Types of Insulin
The body naturally makes different amounts of insulin at different times. Smaller, steady amounts are produced between meals and overnight (sometimes called "basal" or "background" insulin). Larger amounts are produced when you eat (sometimes called "bolus" or "mealtime" insulin). Together, they manage your blood sugar (glucose) all day.
Because you can't make insulin or don't make enough for your body's needs when you have diabetes, you probably will need to use more than one type of manufactured insulin to get the same effect. These different types of insulin work at different rates and for different amounts of time. Here are more details about the different types of insulin available:
- Basal insulins: Basal insulins include intermediate-acting and longer-acting insulins. These start more slowly and last longer than mealtime insulins. Your doctor usually recommends you take basal insulin once or twice a day.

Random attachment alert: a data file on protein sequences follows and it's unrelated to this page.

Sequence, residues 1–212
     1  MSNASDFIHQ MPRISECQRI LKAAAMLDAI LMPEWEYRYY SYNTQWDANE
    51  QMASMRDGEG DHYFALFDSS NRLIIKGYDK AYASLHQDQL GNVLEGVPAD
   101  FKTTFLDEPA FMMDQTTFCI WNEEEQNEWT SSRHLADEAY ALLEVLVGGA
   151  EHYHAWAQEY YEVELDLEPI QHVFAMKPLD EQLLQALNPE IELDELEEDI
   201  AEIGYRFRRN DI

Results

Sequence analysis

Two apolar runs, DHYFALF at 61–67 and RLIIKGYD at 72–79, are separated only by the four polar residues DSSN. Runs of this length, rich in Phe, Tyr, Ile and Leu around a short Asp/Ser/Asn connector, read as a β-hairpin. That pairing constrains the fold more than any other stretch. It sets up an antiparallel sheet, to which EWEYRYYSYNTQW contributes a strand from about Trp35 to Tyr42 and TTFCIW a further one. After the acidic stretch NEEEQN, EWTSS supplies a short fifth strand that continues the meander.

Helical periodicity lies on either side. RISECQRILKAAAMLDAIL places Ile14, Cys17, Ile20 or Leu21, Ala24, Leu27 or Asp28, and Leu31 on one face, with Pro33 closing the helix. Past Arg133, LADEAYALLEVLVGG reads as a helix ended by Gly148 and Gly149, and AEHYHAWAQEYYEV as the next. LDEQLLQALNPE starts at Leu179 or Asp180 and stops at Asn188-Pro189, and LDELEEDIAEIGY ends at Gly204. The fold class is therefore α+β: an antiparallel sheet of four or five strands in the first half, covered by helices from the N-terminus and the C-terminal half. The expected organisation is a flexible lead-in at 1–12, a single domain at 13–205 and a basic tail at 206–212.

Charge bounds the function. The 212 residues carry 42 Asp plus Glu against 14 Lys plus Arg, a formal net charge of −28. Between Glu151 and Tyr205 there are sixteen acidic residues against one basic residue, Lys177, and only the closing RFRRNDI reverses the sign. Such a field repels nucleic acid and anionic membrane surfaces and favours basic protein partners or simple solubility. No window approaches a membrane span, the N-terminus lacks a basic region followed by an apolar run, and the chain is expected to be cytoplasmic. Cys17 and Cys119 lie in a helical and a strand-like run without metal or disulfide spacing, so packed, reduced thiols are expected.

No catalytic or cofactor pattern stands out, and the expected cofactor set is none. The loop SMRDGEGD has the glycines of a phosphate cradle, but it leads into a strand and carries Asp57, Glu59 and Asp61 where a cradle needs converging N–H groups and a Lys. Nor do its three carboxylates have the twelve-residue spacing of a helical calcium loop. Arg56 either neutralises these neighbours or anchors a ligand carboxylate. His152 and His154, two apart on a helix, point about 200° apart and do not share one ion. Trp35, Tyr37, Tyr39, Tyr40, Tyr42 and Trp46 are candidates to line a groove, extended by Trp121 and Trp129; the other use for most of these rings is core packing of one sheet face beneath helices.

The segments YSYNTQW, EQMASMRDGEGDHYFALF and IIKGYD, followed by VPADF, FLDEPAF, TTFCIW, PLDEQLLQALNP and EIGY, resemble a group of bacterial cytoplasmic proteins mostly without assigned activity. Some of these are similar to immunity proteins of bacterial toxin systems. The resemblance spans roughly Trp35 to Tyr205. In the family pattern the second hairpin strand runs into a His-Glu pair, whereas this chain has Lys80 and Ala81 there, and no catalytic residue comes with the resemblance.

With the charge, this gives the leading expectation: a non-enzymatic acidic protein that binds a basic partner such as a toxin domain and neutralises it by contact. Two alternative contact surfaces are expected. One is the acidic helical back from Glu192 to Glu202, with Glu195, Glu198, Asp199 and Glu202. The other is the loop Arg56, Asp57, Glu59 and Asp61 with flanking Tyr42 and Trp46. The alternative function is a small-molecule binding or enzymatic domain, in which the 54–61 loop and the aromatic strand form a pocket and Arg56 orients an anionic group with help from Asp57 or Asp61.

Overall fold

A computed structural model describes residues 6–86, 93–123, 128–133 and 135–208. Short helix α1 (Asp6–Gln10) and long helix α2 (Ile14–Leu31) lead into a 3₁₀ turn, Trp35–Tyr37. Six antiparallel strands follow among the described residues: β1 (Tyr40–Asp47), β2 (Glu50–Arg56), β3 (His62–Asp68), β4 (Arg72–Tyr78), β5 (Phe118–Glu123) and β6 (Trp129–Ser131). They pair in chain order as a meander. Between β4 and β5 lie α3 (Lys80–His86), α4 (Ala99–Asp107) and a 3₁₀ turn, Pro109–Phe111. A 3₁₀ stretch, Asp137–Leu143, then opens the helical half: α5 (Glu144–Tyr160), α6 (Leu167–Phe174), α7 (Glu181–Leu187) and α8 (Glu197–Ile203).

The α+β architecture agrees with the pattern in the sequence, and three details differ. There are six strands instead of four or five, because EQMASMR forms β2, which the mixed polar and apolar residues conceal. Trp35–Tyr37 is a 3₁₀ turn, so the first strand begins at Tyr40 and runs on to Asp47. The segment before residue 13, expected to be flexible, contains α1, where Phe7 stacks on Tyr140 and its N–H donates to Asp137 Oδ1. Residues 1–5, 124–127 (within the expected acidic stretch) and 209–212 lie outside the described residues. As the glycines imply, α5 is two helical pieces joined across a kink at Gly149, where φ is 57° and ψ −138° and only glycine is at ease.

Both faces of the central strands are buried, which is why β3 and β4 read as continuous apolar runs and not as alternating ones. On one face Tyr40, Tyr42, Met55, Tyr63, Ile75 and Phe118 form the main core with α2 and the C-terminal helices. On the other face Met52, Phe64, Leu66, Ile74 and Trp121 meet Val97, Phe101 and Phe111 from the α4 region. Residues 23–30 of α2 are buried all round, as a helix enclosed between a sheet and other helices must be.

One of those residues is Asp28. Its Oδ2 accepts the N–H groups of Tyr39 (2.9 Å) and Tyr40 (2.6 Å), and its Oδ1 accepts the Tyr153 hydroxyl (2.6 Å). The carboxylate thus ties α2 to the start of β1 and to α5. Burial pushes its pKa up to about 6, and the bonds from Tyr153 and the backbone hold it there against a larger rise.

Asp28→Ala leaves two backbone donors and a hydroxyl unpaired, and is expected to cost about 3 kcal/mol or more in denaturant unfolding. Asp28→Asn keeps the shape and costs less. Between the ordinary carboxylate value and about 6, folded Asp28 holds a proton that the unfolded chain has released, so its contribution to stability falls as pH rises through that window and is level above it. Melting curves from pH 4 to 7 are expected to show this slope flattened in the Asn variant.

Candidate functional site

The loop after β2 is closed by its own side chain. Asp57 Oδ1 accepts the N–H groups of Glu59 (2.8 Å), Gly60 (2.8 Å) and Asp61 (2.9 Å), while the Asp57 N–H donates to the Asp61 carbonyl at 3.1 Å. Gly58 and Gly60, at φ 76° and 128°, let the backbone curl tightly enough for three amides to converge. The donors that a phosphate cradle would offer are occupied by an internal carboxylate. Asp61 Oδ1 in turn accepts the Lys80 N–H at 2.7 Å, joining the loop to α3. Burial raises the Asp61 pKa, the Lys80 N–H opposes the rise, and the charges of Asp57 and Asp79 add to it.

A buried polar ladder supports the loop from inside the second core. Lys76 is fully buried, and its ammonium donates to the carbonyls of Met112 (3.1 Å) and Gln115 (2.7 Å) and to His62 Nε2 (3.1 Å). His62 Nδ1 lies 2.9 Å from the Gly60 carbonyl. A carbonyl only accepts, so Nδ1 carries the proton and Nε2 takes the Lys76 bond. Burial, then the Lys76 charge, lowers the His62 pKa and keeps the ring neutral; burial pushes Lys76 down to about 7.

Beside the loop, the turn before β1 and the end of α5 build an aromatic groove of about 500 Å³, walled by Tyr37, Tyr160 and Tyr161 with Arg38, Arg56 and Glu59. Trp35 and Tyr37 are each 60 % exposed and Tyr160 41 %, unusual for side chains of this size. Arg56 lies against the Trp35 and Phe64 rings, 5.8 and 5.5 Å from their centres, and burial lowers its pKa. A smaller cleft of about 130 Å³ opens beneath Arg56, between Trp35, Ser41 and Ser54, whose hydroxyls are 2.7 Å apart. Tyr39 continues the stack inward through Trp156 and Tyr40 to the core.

- Mealtime insulins: Mealtime insulins include rapid-acting and short-acting insulins. Rapid-acting insulin starts very quickly and works for the shortest time. Short-acting insulin starts more slowly and works longer than rapid-acting insulin.
- Mixture insulins: Mixture insulins contain a mix of both basal and mealtime insulins in one solution. They can help manage your blood sugar at meals, between meals, and even at night, depending on your treatment plan.